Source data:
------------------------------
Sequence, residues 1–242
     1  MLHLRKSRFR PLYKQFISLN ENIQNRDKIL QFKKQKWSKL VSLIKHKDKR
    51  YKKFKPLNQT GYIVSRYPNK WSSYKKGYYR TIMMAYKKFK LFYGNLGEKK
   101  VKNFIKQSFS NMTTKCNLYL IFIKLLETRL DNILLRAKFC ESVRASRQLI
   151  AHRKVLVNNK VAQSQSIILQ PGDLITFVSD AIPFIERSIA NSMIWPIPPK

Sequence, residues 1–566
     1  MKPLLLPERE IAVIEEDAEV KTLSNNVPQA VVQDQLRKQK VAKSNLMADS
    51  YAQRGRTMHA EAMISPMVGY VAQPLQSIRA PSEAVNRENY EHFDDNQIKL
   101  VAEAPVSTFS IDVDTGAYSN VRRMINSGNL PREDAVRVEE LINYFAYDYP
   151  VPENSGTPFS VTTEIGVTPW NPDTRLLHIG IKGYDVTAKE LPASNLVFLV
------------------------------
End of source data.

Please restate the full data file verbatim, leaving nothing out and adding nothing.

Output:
Sequence, residues 1–242
     1  MLHLRKSRFR PLYKQFISLN ENIQNRDKIL QFKKQKWSKL VSLIKHKDKR
    51  YKKFKPLNQT GYIVSRYPNK WSSYKKGYYR TIMMAYKKFK LFYGNLGEKK
   101  VKNFIKQSFS NMTTKCNLYL IFIKLLETRL DNILLRAKFC ESVRASRQLI
   151  AHRKVLVNNK VAQSQSIILQ PGDLITFVSD AIPFIERSIA NSMIWPIPPK

Sequence, residues 1–566
     1  MKPLLLPERE IAVIEEDAEV KTLSNNVPQA VVQDQLRKQK VAKSNLMADS
    51  YAQRGRTMHA EAMISPMVGY VAQPLQSIRA PSEAVNRENY EHFDDNQIKL
   101  VAEAPVSTFS IDVDTGAYSN VRRMINSGNL PREDAVRVEE LINYFAYDYP
   151  VPENSGTPFS VTTEIGVTPW NPDTRLLHIG IKGYDVTAKE LPASNLVFLV